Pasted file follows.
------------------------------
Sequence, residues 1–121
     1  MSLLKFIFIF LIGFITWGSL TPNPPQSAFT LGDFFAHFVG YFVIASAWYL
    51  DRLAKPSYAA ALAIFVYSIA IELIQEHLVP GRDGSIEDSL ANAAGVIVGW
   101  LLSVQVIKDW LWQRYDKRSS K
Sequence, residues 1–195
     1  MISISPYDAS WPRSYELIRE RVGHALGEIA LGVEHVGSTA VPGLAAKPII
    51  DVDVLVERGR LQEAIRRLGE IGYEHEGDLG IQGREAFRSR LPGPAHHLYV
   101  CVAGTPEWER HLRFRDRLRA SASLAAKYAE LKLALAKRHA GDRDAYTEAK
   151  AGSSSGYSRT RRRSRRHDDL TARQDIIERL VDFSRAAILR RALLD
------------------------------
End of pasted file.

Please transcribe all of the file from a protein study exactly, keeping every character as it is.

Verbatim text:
Sequence, residues 1–121
     1  MSLLKFIFIF LIGFITWGSL TPNPPQSAFT LGDFFAHFVG YFVIASAWYL
    51  DRLAKPSYAA ALAIFVYSIA IELIQEHLVP GRDGSIEDSL ANAAGVIVGW
   101  LLSVQVIKDW LWQRYDKRSS K
Sequence, residues 1–195
     1  MISISPYDAS WPRSYELIRE RVGHALGEIA LGVEHVGSTA VPGLAAKPII
    51  DVDVLVERGR LQEAIRRLGE IGYEHEGDLG IQGREAFRSR LPGPAHHLYV
   101  CVAGTPEWER HLRFRDRLRA SASLAAKYAE LKLALAKRHA GDRDAYTEAK
   151  AGSSSGYSRT RRRSRRHDDL TARQDIIERL VDFSRAAILR RALLD